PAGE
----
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Red Wine Heart Health: Is It Good for Your Heart?

Red Wine Health Benefits

Red wine is getting a lot of press recently. Our favorite “study” circulating is that a glass of red is equivalent to an hour in the gym. Of course, that study does not tell you what sort of hour long gym workout a glass of wine is equivalent to, but it has led many people to the land of blissful Burgundy workouts. None the less, there are some indications and research around red wine heart health and its impact. When it comes to what causes heart disease, there are indications that red wine can help reduce risk.
While many may rejoice hearing that red wine does have some healthy benefits for your heart, we would not promote the drinking of alcohol. Too much alcohol can be very harmful to your overall health. Then as we delve into the impact of social behavior on legal issues, it’s pertinent to highlight the role of knowledgeable legal assistance in navigating the consequences of driving under the influence. Securing the services of a lawyer proficient in intoxicated driving defense and legal advice can be a critical step in safeguarding your rights and future. And, if you have suffered from a weak heart of heart failure, you should avoid alcohol entirely. Same is true if you take aspirin daily. Also, there is still a lot of research to be done on the health benefits of red wine, as many studies have still only been conducted on mice. But, some of the research does look promising. Overall, though, moderation is the key. If your doctor allows, a glass of wine at dinner may actually have some tangible heart health benefits.

The Heart Healthy Benefits of Red Wine

Red wine contains antioxidants called polyphenols. A particular polyphenol called resveratrol found more in red wine is what has everyone buzzing about health benefits. Resveratrol comes from the skin of the grapes. Because red wine is fermented with grape skins longer than white wines, red wines contain more resveratrol. So, you could, potentially, get some of the same health benefits simply by just eating grapes or drinking grape juice. Other foods that have resveratrol are peanuts, blueberries and cranberries.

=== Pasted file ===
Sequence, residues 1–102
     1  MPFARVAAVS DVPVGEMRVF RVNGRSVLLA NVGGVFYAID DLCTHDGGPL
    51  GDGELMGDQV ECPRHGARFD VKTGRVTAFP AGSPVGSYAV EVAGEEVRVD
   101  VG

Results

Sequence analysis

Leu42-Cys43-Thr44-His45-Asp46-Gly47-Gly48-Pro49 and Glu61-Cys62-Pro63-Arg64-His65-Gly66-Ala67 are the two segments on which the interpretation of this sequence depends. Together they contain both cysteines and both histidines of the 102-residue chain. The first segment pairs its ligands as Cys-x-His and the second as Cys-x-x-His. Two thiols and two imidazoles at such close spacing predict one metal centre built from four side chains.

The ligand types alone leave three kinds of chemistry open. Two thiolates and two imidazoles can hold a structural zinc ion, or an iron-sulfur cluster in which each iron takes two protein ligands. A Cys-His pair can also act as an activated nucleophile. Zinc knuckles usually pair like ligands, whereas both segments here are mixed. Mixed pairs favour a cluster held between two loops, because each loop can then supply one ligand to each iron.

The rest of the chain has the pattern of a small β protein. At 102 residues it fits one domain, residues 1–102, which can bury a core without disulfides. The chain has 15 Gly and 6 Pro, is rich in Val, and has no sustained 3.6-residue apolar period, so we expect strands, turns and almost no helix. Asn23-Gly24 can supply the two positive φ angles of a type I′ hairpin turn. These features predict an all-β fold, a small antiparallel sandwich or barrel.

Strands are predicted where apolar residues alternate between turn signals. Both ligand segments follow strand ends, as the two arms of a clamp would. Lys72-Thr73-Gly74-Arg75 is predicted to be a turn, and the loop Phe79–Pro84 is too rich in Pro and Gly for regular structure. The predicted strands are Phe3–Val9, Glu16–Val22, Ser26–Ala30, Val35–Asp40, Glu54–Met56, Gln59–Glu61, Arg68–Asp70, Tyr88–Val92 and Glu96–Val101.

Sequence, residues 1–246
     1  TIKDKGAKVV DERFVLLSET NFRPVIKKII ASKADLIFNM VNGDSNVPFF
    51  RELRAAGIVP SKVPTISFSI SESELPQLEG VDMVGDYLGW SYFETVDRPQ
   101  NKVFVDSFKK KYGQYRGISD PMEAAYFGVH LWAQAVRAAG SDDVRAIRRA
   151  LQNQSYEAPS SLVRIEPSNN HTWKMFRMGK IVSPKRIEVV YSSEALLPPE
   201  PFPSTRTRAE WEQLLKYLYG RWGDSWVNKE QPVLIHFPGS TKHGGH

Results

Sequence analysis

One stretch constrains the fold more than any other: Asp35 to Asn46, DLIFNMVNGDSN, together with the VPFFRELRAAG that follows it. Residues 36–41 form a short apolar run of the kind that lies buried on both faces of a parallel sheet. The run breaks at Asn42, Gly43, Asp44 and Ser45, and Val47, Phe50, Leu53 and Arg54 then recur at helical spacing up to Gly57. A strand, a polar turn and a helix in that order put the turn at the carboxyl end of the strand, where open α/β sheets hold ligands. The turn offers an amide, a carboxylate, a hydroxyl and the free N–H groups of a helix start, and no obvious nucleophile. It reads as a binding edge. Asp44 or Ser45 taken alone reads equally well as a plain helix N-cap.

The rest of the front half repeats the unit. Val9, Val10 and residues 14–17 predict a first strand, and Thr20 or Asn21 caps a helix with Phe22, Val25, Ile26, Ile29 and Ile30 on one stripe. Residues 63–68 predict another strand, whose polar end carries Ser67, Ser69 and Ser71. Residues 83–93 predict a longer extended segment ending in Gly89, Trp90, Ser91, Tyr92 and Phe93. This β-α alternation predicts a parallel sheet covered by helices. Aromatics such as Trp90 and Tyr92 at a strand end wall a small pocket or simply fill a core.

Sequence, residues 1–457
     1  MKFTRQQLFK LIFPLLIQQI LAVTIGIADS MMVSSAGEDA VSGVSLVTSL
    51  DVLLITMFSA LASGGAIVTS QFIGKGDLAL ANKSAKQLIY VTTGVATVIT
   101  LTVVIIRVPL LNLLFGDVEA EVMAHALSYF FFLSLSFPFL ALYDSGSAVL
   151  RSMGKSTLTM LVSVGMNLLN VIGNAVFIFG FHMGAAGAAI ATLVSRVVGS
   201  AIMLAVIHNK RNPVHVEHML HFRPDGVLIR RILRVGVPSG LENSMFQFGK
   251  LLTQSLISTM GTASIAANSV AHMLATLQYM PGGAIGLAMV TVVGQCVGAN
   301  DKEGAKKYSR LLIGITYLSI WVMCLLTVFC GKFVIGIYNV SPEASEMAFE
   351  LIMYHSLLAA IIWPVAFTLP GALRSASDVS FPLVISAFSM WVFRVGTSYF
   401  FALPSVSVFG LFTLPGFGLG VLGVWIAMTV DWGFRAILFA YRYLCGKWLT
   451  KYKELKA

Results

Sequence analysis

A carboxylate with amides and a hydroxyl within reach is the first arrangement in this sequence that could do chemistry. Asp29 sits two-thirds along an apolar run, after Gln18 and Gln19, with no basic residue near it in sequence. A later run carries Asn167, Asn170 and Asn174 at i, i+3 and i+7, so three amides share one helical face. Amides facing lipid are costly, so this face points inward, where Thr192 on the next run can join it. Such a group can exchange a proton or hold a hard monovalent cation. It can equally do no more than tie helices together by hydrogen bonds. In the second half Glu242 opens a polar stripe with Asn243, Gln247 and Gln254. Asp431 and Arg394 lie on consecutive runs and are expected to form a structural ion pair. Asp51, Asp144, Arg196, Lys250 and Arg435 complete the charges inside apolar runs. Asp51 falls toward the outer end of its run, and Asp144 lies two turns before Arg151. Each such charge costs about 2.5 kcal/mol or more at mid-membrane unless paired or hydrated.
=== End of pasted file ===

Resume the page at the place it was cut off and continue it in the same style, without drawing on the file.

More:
Some believe that resveratrol helps prevent damage to blood vessels, reduces low-density lipoprotein (the “bad” cholesterol) and prevents blood clots.
Most the research has been done on animals, not humans. But research conducted with mice indicates that the antioxidant helps protect against obesity and diabetes, both of which are risk factors when it comes to heart disease. And, to get the same results of the mice, a person would have to drink more than 1,000 liters of red wine every day. Hence, doctors are a wary of such an endorsement!
In research on pigs, resveratrol was seen to help improve heart function and the body’s ability to use insulin. Again, however, this was not tested on humans.
Other research has shown the antioxidant may help reduce blood clotting and inflammation. Both of these are factors when it comes to heart disease. But, more research is still be conducted to determine if the resveratrol was what caused the reduced risk. One study did, however, indicate that resveratrol may actually reduce the positive effect of exercise on the heart in older men.

How to Use This Information
Clearly, the jury is out on red wine, which may now be available on platforms like QKA Wine. It may help with lowering cholesterol, prevent artery damage and more, but there is no definitive proof on humans. And, moderation is really the key. A glass at dinner every now and then is likely ok, if approved by your doctor.  However, wine will not replace eating healthy and exercise. If you have questions about heart health and eating healthy, be sure to look into one of our many classes!

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